LHON typically presents as painless, bilateral vision loss that often occurs in episodes. The first symptoms usually appear in young adulthood, although they can occur at any age. Males are more commonly affected by LHON than females.

Diagnosis of LHON is typically done through genetic testing, which identifies mutations in the MT-ND1 gene. These tests are usually offered to individuals with a family history of LHON or in cases where LHON is suspected based on symptoms. There are also databases and registries available that provide information about mutations in the MT-ND1 gene, as well as other genes associated with mitochondrial diseases.

Treatment options for LHON are limited, and no cure currently exists. Some treatments may involve antioxidant therapy to reduce oxidative stress in the mitochondria, as well as supportive measures to manage visual impairment. Research into potential treatments and gene therapy approaches is ongoing.

Further scientific resources and information on LHON can be found through various databases and scientific articles. Resources such as PubMed, OMIM, and other mitochondrial disease databases provide references to scientific articles and studies related to LHON. These resources can help researchers and healthcare professionals stay updated on the latest developments in LHON research and treatment.

It is important to note that while LHON is primarily caused by mutations in the MT-ND1 gene, there are other genes and environmental factors that can contribute to the development of mitochondrial disorders. These include mutations in other mitochondrial genes, as well as environmental factors that affect mitochondrial functioning.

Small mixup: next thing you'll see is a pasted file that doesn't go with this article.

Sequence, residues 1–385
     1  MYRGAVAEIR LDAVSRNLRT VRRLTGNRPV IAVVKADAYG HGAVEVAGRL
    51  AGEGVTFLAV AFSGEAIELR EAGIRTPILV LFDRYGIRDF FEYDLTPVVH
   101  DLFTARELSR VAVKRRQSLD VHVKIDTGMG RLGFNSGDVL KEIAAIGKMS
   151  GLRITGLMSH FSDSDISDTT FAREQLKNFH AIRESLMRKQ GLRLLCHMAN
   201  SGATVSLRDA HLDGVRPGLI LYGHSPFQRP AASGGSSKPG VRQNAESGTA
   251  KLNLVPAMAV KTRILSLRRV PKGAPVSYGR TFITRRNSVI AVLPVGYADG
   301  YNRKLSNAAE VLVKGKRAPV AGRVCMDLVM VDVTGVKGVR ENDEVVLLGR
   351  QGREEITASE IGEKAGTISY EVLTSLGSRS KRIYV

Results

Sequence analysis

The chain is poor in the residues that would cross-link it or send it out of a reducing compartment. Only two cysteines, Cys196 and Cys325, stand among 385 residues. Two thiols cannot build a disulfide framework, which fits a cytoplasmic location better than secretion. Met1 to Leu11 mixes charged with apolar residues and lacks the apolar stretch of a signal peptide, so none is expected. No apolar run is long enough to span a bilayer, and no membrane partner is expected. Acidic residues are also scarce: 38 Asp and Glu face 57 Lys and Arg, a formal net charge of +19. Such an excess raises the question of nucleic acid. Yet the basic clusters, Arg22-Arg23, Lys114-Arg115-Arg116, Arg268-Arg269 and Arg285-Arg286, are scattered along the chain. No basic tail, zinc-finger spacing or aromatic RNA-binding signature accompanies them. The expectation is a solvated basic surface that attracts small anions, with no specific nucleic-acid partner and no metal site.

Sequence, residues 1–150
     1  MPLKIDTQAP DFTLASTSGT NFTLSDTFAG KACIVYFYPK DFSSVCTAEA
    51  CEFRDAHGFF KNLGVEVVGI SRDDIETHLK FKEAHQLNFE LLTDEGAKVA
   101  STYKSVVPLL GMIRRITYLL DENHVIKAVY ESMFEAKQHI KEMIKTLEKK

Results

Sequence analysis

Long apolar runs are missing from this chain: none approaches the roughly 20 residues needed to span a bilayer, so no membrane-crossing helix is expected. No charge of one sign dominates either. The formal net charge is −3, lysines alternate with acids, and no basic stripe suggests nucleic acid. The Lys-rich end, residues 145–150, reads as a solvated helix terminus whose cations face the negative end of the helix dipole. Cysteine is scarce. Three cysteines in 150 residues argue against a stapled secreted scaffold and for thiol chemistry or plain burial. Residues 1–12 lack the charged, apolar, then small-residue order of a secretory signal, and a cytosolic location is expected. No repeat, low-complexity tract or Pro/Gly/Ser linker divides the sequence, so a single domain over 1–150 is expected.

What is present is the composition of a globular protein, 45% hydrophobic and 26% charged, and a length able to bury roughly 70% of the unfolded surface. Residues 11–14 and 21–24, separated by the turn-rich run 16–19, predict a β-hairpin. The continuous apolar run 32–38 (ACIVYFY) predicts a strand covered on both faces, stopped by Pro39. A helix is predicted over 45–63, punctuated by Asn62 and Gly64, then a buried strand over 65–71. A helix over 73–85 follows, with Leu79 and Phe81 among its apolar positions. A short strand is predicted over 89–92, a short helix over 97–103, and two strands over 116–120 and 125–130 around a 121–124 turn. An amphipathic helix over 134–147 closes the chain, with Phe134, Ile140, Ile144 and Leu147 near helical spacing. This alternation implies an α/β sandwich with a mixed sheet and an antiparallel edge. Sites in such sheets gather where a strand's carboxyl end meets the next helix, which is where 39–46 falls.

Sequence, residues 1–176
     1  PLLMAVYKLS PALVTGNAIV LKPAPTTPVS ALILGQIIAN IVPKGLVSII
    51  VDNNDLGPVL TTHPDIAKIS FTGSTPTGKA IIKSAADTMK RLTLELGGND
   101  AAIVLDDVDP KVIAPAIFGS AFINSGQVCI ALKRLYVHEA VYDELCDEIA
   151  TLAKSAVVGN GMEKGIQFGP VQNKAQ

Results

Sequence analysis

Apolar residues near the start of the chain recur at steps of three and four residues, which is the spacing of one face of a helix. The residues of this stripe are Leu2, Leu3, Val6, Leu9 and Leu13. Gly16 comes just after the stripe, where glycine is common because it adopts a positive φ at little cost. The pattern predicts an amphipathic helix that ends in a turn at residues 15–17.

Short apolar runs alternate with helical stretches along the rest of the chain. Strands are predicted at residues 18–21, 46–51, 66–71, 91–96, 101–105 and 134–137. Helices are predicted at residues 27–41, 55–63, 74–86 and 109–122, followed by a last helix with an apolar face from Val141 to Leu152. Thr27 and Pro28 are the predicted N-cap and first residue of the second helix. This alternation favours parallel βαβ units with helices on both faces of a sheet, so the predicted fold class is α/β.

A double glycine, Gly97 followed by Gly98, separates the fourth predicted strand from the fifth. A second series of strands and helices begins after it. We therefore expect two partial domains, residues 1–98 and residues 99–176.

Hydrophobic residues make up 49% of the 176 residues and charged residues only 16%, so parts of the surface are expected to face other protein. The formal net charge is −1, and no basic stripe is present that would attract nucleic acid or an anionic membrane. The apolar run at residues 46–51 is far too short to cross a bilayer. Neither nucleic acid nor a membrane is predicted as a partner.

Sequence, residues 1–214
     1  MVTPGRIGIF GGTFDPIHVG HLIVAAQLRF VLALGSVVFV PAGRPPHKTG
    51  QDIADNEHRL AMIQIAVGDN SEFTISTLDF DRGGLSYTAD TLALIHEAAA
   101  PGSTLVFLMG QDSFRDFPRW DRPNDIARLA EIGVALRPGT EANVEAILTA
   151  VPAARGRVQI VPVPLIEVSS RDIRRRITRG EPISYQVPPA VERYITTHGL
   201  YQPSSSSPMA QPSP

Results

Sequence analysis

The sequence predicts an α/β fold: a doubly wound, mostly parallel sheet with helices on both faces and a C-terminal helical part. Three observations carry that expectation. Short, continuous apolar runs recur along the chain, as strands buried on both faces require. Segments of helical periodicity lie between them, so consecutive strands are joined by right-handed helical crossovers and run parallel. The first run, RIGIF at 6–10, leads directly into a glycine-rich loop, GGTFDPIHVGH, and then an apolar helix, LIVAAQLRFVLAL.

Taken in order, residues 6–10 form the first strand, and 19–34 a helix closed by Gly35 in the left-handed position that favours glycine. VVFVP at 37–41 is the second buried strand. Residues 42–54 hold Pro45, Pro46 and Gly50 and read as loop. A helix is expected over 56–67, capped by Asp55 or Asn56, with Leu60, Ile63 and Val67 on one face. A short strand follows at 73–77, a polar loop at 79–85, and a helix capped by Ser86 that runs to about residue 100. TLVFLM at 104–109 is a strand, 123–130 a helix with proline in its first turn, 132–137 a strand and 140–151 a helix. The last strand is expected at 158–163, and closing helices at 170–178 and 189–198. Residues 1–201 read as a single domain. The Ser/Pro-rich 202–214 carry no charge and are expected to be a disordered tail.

See also  Birt-Hogg-Dubé syndrome

Overall, LHON is a complex genetic disorder that primarily affects the optic nerves and can cause severe vision loss. Research into the underlying genetics and pathophysiology of LHON continues to provide valuable insights into this condition, with the ultimate aim of developing effective treatments and improving the quality of life for individuals with LHON.

Mitochondrial encephalomyopathy lactic acidosis and stroke-like episodes

Mitochondrial encephalomyopathy lactic acidosis and stroke-like episodes (MELAS) is a rare genetic disorder caused by mutations in the MT-ND1 gene. MELAS is one of several names used to describe this condition; other names include MELAS syndrome, Leber’s hereditary optic neuropathy and lactic acidosis, and mitochondrial myopathy, encephalopathy, lactic acidosis, and stroke-like episodes (MELAS).